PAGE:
Does Legal Marijuana Attract Homeless to Colorado? Survey Says Yes

Does legal marijuana attract homeless - homeless man holds a joint with a dirty hand

DENVER — CNN reported a new survey funded by the Colorado Division of Criminal Justice and the Department of Public Safety found that one-third of jailed transients in Colorado moved to the state because of legal marijuana, prompting experts and politicians alike to ask, does legal marijuana attract homeless people?



The survey was conducted by Eris Enterprises and was a response to the claim of local authorities who said that legalized recreational marijuana attracted homeless people to Colorado. Voters legalized recreational marijuana in the state in 2012. The survey asked 507 inmates across seven Colorado jails why they decided to move to Colorado.

Most inmates said they moved to Colorado prior to 2012, with 41 percent moving after legalization. At least 35 percent of those who moved to Colorado after 2012 said that they chose the state partly because of legal marijuana.

Crime

Crime has decreased at the national level, but Colorado has seen an increase. The crime rate in the state rose five percent between 2013 and 2016, with violent crime increasing 12-and-a-half percent. Many local officials have blamed the recent rise on the transient population, citing the fact that more than one-fourth of the Larimer County Jail's current inmates are homeless or transient.

Larimer County Sheriff Justin Smith isn't surprised and says that inmates in his jail claiming that they moved to the state for legal marijuana wasn't unusual. However, the survey found that homeless people are less likely to commit violent crimes than non-homeless residents and are more likely to be charged with a non-violent drug crime or for trespassing.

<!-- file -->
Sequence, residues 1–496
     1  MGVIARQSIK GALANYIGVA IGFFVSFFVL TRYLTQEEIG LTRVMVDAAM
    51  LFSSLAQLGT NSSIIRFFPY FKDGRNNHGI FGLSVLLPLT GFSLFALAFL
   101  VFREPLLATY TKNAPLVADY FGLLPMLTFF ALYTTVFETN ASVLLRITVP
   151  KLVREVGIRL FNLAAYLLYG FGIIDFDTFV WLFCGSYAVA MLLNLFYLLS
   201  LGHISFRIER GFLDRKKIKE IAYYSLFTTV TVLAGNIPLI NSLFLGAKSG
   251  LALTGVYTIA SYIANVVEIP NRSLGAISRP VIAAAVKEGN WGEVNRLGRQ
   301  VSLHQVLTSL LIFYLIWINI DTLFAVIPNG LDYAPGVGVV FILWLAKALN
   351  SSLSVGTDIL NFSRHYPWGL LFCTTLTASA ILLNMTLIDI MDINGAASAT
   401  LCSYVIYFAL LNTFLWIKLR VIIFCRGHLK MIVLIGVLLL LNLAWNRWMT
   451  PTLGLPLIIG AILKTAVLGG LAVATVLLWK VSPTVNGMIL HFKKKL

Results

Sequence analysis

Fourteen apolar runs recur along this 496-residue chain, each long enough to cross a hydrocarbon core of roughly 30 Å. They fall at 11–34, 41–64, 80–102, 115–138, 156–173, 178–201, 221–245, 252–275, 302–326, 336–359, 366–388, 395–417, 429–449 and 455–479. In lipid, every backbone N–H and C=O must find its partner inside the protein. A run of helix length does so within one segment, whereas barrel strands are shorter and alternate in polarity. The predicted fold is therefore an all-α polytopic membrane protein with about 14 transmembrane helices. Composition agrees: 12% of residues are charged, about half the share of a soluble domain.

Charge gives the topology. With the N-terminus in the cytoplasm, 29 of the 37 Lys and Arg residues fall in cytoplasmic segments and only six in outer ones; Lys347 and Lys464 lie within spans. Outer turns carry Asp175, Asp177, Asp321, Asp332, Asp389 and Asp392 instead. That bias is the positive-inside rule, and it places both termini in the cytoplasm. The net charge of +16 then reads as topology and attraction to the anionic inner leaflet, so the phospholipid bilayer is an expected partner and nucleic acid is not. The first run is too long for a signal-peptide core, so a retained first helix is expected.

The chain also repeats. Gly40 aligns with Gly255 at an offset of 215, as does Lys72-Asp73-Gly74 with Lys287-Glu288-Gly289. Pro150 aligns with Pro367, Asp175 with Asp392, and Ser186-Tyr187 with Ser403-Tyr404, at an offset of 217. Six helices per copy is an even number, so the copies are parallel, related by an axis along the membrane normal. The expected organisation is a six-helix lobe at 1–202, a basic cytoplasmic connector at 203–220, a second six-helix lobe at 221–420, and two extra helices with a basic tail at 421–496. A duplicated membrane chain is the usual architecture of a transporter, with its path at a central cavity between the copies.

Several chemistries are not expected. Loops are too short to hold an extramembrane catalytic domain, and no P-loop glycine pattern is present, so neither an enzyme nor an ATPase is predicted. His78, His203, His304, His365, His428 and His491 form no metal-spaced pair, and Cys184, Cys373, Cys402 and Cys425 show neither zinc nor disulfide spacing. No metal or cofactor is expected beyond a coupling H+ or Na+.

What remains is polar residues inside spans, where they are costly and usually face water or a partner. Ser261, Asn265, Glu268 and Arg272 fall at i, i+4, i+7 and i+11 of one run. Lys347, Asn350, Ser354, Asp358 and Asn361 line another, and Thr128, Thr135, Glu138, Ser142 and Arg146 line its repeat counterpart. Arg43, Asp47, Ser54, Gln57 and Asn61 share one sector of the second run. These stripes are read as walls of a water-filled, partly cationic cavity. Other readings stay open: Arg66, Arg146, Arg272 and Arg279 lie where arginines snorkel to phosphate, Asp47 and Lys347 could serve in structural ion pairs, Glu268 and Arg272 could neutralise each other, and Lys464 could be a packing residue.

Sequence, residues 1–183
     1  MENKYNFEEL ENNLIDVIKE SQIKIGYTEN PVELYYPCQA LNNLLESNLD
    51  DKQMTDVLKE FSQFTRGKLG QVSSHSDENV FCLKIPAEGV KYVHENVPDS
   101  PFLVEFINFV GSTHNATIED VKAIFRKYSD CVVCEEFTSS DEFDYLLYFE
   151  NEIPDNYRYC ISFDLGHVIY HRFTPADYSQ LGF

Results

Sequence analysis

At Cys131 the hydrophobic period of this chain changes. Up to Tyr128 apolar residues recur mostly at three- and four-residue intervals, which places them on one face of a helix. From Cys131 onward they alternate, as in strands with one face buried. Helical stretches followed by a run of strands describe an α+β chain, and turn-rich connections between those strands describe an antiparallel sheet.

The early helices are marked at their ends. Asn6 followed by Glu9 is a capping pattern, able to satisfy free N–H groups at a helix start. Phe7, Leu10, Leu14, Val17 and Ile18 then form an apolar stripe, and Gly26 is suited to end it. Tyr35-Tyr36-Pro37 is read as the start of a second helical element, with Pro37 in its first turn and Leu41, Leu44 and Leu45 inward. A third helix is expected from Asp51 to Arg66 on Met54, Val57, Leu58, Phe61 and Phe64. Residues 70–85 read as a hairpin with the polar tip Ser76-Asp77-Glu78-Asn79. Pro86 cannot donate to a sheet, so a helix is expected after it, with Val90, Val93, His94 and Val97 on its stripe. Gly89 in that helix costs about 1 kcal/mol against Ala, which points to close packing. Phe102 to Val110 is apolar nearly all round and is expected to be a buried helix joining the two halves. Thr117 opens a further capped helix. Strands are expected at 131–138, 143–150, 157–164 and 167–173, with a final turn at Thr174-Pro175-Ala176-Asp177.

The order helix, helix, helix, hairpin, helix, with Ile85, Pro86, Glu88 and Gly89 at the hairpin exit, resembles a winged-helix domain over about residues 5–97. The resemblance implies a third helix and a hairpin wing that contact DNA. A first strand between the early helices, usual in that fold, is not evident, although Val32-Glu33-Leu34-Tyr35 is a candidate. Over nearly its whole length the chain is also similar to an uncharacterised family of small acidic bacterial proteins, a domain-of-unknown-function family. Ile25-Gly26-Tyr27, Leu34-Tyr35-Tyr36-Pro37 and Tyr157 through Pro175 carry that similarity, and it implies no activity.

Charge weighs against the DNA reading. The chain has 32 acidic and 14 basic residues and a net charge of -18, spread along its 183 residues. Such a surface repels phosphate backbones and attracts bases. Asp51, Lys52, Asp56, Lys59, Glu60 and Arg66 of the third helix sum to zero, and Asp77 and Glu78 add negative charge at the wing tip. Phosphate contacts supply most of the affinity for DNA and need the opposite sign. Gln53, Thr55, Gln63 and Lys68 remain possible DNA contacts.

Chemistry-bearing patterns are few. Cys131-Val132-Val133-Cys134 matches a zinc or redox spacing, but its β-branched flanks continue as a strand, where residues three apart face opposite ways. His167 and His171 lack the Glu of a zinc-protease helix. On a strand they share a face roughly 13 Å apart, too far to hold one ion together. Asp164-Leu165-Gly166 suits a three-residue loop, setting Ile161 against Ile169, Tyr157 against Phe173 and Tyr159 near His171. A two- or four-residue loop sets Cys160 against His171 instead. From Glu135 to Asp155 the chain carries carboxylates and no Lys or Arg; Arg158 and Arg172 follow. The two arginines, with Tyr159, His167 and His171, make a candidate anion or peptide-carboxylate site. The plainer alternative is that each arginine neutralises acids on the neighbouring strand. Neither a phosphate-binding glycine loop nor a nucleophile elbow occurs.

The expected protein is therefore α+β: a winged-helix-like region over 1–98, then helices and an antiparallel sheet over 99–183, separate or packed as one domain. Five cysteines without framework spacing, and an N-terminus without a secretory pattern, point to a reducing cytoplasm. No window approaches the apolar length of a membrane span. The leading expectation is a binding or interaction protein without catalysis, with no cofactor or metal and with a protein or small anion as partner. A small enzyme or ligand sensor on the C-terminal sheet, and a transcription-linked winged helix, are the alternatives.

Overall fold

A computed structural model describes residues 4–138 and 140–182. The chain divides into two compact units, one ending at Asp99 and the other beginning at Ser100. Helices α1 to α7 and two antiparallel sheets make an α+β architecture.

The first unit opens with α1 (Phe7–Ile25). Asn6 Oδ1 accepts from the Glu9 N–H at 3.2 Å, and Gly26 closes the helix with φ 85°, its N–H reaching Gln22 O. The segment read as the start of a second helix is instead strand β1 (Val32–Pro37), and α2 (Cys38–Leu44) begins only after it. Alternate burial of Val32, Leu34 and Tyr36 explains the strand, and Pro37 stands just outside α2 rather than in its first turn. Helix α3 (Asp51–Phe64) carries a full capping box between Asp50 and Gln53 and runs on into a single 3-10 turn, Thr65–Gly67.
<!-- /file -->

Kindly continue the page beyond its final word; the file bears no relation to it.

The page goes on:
Governor Says Survey Was “Cheap”

Colorado Gov. John Hickenlooper (D) said the survey was “cheap” and needed more data, adding that the survey allowed people to choose several answers when asked why they came to the state and noted that it isn't clear how many moved for the state's legal marijuana alone.

“Marijuana, was that something that made them come here?” Hickenlooper said. “Again, I don’t doubt that a third of them did. Does that mean we’re attracting criminals? We’re attracting a lot of people, and when you attract a lot of people you get some homeless people.”

Thirty-eight percent gave family as their reason for moving to the state, with 28.6 percent moving for employment opportunities and 22 percent moving to be near friends.

Marijuana advocate Mason Tvert also questioned the survey's significance.

"What if 80 percent of them said they came for the weather?” he said. “Does that mean we have to try to address the messaging around the weather in Colorado to make sure that people don’t think it’s very nice here?”

Does Legal Marijuana Attract Homeless?

Hickenlooper believes that the illegal drug trade should be the focus of law enforcement, not the homeless population. Hickenlooper said that drug traffickers are coming into Colorado from other states, adding "Let’s focus our efforts on them, rather than putting in jail people that are homeless because it seems convenient.”

The survey also found that more than 61 percent of those surveyed were in need of mental health services. Many had conditions such as anxiety, depression, and post-traumatic stress disorder. Studies show that marijuana can ease the symptoms of depression, PTSD, and many other conditions.

The St. Francis Center is a homeless shelter in Denver, and the executive director Tom Luehrs said that he sees the proof daily that Denver attracts more homeless people, while also noting that they are moving to a state with legal marijuana for health reasons.

"We're caring for people that other states are not caring for," said Luehrs.

Stan Hilkey is the executive director of the Colorado Department of Public Safety and said that although he thinks the survey is not insignificant, legal marijuana is only one reason people move to Colorado, not the main reason.